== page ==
According to some reports, conjunctivitis is an uncommon COVID-19 symptom, affecting between 0.8 and 31.6% of people who test positive. Sometimes, conjunctivitis is the only sign of COVID-19, but it can also occur alongside others, such as fever or cough.
The statistic above comes from a 2022 case control study.
Conjunctivitis involves inflammation of the transparent tissue covering the white of the eye, or the conjunctiva. Other names for the condition include red eye or pink eye.
Most cases of conjunctivitis develop due to a virus, so it follows that COVID-19 could lead to conjunctivitis.
People with COVID-19 may develop watering, red eyes and a sensation that something is stuck in the eye. However, other conditions can also cause these symptoms, including other infections.
This article explores conjunctivitis and COVID-19, including the link, symptoms, treatment, and how long it lasts.
All data and statistics are based on publicly available data at the time of publication. Some information may be out of date. Visit our coronavirus hub for the most recent information on the COVID-19 pandemic.
Overall, eye-related symptoms are
Conjunctivitis refers to an inflammation of the conjunctiva, the tissue that lines the inside of the eyelid and covers part of the white of the eye. Keratitis is an inflammation of the cornea, the transparent layer at the front of the eye.
Is conjunctivitis an early COVID-19 symptom?
Conjunctivitis can also be the only manifestation of COVID-19, with no other symptoms. It is unclear how often this happens, but it may mean some people do not realize they have the condition.
According to a 2022 case control study, the most common symptoms of people with COVID-19-related conjunctivitis are:
- red, inflamed eyes
- photophobia, or light sensitivity
Other potential symptoms of COVID-19
- shortness of breath
- muscle aches
- loss of taste or smell
- sore throat
A person can have all of these symptoms, some of them, or only one.
If the test result is positive, the person should isolate at home for a
- not sharing cups, utensils, and towels
- wearing a mask when around others
- using a separate bathroom, if possible
It is also a suitable idea to improve ventilation in the house. Opening windows and increasing airflow helps reduce the number of virus particles in the air and lowers the risk of transmission.
If the test is negative, a person may have conjunctivitis due to another viral infection, such as a common cold. If this is the case, the symptoms will typically go away on their own without treatment.
If the symptoms do not get better, are severe, or keep worsening, a person should contact a doctor immediately. This applies whether they test positive for COVID-19 or not.
People at high risk of complications from viral illnesses should also contact a doctor to get medication to help fight the virus.
If a person tests positive for COVID-19, this may confirm the cause of the conjunctivitis. However, if they test negative or the symptoms are atypical, there may be another cause.
To determine this, a doctor will have questions about the symptoms, a person’s medical history, and if they have been in contact with anyone who is sick. They may also examine the eye if the appointment is in person.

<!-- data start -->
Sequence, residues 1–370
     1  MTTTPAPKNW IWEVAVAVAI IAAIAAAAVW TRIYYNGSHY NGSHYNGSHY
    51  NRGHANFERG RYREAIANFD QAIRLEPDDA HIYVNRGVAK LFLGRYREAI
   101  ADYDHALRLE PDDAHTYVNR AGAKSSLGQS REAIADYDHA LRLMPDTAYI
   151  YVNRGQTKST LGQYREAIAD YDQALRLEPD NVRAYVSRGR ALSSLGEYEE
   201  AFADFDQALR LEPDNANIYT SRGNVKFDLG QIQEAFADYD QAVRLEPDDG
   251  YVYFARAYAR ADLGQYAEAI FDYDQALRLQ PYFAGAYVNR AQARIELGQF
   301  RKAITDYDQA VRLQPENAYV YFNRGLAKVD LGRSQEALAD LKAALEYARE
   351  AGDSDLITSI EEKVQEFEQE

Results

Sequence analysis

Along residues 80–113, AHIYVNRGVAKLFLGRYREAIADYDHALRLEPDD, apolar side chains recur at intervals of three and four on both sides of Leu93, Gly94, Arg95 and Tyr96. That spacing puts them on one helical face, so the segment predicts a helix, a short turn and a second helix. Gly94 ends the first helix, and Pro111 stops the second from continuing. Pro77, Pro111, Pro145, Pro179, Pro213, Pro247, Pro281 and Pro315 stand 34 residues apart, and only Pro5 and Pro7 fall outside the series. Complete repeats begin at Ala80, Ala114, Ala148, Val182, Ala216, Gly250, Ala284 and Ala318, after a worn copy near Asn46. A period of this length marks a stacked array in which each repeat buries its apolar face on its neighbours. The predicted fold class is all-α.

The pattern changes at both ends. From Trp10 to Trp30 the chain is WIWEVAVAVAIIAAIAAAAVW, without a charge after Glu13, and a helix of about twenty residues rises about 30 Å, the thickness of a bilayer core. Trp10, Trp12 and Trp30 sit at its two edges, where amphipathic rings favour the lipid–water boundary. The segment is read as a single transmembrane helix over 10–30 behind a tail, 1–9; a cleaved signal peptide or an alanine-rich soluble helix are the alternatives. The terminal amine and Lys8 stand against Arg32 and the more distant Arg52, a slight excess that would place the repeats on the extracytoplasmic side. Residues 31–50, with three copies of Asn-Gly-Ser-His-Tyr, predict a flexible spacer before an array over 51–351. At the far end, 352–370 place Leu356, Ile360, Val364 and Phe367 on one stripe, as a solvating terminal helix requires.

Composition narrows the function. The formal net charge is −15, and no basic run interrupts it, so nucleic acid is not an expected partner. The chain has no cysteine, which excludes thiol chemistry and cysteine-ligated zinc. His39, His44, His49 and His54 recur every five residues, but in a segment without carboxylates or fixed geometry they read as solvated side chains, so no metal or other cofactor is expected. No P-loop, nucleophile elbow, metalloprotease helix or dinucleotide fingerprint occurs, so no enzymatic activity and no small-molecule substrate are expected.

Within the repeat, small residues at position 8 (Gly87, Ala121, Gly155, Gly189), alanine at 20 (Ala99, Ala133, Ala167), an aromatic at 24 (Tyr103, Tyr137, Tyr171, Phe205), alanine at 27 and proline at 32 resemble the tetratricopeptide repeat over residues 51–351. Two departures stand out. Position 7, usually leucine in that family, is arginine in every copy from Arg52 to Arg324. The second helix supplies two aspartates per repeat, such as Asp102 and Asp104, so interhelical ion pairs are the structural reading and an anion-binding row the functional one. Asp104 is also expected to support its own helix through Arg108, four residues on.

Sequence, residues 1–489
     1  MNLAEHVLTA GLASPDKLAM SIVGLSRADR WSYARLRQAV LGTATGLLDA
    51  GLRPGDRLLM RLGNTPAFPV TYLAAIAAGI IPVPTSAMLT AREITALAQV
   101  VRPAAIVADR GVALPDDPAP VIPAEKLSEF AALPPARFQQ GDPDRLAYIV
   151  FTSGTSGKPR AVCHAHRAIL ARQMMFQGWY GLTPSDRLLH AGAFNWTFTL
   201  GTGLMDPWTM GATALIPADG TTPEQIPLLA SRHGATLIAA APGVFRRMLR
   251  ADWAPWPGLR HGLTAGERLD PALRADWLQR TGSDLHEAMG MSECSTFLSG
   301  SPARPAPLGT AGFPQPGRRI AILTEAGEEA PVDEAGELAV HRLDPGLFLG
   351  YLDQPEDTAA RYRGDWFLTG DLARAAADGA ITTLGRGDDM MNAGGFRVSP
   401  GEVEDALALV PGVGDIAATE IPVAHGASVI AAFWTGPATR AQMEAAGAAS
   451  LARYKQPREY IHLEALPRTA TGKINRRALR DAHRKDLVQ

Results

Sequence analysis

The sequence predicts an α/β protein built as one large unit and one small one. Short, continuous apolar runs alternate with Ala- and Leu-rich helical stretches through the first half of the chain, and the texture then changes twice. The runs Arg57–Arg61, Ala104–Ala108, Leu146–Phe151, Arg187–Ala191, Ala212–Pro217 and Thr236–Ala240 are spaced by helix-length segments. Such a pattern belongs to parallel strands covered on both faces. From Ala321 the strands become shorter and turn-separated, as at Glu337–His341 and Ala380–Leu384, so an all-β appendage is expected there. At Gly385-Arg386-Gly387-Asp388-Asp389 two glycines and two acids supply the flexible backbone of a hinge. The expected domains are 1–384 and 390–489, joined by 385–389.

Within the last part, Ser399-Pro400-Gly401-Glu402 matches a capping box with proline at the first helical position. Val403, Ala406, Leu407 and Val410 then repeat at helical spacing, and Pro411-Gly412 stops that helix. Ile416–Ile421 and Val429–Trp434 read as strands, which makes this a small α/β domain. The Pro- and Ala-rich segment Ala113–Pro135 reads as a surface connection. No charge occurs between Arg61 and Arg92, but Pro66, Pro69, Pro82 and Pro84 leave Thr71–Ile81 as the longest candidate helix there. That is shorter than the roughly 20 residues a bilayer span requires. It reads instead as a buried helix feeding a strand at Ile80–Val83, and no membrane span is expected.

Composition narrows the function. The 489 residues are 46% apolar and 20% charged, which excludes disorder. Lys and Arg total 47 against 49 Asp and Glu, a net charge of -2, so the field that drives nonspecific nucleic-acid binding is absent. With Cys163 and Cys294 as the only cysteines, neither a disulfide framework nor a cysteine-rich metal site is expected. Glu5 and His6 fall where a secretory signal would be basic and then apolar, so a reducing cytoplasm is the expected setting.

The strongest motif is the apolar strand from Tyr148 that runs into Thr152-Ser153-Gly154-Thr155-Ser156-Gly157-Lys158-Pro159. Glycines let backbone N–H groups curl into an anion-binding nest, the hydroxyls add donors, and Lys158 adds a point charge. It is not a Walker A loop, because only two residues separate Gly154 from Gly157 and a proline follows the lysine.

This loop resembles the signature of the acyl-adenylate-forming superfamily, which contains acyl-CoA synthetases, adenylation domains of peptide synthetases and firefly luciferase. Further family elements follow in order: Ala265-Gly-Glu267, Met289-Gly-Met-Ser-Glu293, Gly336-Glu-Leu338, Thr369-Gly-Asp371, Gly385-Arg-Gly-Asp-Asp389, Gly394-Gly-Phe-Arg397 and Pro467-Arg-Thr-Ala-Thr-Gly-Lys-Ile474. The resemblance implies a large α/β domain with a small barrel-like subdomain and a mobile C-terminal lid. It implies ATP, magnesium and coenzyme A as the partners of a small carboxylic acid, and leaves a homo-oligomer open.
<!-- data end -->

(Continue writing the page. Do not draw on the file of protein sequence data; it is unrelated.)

Viral conjunctivitis due to COVID-19 may not require treatment. The condition will usually get better by itself.
There are also home treatments suitable for adults and children that can ease symptoms. People can try:
- using artificial tears, which may lubricate the eye and reduce scratchiness
- holding a warm compress, such as a damp cloth or cotton pad, over the eyes for a few minutes
- drinking enough fluids to avoid dehydration
- wearing sunglasses or dimming the lights if a person has photosensitivity
Viral conjunctivitis is highly contagious, so a person needs to follow these measures:
- Always thoroughly wash the hands before and after touching the eyes.
- Use a fresh cotton pad or washcloth with each compress or when cleaning the eye.
- Safely wash or dispose of the item afterward, rather than re-using it.
A person should also avoid using contact lenses and eye makeup until symptoms improve. They should not use eye drops that reduce redness during the infection, as this can worsen symptoms.
If the symptoms are severe or persistent or the individual has a weakened immune system, a doctor may prescribe antiviral eye drops, such as Ribavirin, to reduce symptoms. Adults and children over 3 years old can use this medication.
Conjunctivitis is one of the more uncommon signs of COVID-19, so there is limited data on how long it usually lasts.
One case control study found that after 8–10 days of treatment, most people with COVID-19-related conjunctivitis had no symptoms. However, several individuals had symptoms for more than 2 weeks.
That said, COVID-19 symptoms, including those affecting the eyes, can sometimes last
Long COVID describes prolonged or recurrent COVID-19 symptoms that can last weeks, months, or years after the initial infection. For some, this may mean they continue experiencing eye symptoms.
Conjunctivitis is a potential symptom of COVID-19 and can be the only sign of the infection in some cases. A person with conjunctivitis due to COVID-19 may have red, burning, or watery eyes. They may also have a sensation that something is stuck in the eye.
Often, viral conjunctivitis resolves on its own. A person can also ease symptoms with self-care measures, such as applying compresses to the eyes or using lubricating drops.
If a person suspects they have COVID-19-related conjunctivitis, they should take a COVID-19 test. They need to seek medical advice if the symptoms are unusual or severe.